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Letters to the Editor

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To the Editors:

I enjoyed your article “15 Short-Cuts and Biases That Lead to Bad Investment Decisions,” by Paul S. Szczygiel in the May 2006 AAII Journal. I am an accountant, not a mathematician, but I believe I understood most of it. One point that I did not understand was the author’s statement that of the five stocks “there is a 73% chance of having one of the five double.”

Who cares?! I am only interested in what the entire portfolio does. I am not interested in carrying four drones just to see one stock double.

When I choose a mutual fund, one of the things I look at is how many stocks it owns. I believe that a manager can pick 100 good stocks better than he/she can pick 500 stocks, and they only have to appreciate an average of 20% to make up for the 50 out of 500 that double.

What I read in your article is that certain mutual funds build index funds and charge manager fees

Richard M. Lawrence
Via E-mail

To the Editors,

Bypassing the Broker: AAII’s 2006 Guide to Direct Purchase Plans,” by Maria Crawford Scott and Cara Scatizzi (June 2006 AAII Journal) discusses the benefits to investors, but fails to address a substantial downside to these plans that should be considered before enrolling.

When a direct purchase plan investor dies, the liquidation or redemption of shares in these plans is cumbersome, expensive, and unnecessarily difficult.

The estate’s executor is required by direct purchase plan administrators to submit certified copies of the death certificate, the letters testamentary and account statements in order to close each purchase plan account. In practice, this means that if the deceased held shares in 20 companies in 20 plan accounts, the executor must submit 20 death certificates, 20 letters testamentary and the respective account statements, regardless of whether or not all 20 companies had the same plan administrator.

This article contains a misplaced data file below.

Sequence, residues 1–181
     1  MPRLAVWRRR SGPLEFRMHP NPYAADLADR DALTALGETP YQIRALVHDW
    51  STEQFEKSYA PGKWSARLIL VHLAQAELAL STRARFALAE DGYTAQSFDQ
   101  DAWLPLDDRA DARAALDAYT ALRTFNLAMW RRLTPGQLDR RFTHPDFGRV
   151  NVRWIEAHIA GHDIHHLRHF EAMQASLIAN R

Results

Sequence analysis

The process to recover the assets for the estate is further complicated by other factors. For example, if the executor sends a letter with the required documentation to the plan and if before the account is closed the company pays a dividend, then additional shares will be purchased. To redeem or sell these additional shares, the executor must submit a second round of the same documents in order to close the account and hope that the company has not issued still another dividend or spun off part of the company, which would require yet a third submission.

Furthermore, it is a mistake to think that the plan administrators are easy to contact and helpful in the process of closing out decedents’ accounts. Just trying to identify and speak to a person handling a particular company’s direct purchase plan for assistance can be a frustrating and time-consuming process.

Many investors look at direct purchase plans as a cheap and sensible investment alternative to a broker. In the long run, these plans may not be so cost-effective when one understands the substantial downsides and costs involved in unwinding direct purchase plan accounts after an investor’s death.

Robert Warren
Via E-mail

To the Editors:

I enjoyed reading the article by Scott and Scatizzi on direct purchase plans in the June issue. I was glad to see them mention taxes. Last year I started a DRIP in July using the automatic investment feature of my plan. When my 1099-DIV arrived this year, I noted from my spreadsheet that I had received $1.40 in dividends, but box 1b gave my qualified dividends as $21.40. The actual dividend was only 6.5% of what appeared in box 1b.

Disclosure would be helpful and the right thing to do. The prospectus states there are no fees for enrolling in the plan, which is literally true, but is probably interpreted by most people as meaning you pay no fees (hidden or otherwise) for participating in the plan. The $20 in my example is a definite fee for participating. I did not pay the fee directly, but because the fee was reported as income, I paid part of it as additional tax.

John Worley
Via E-mail

 


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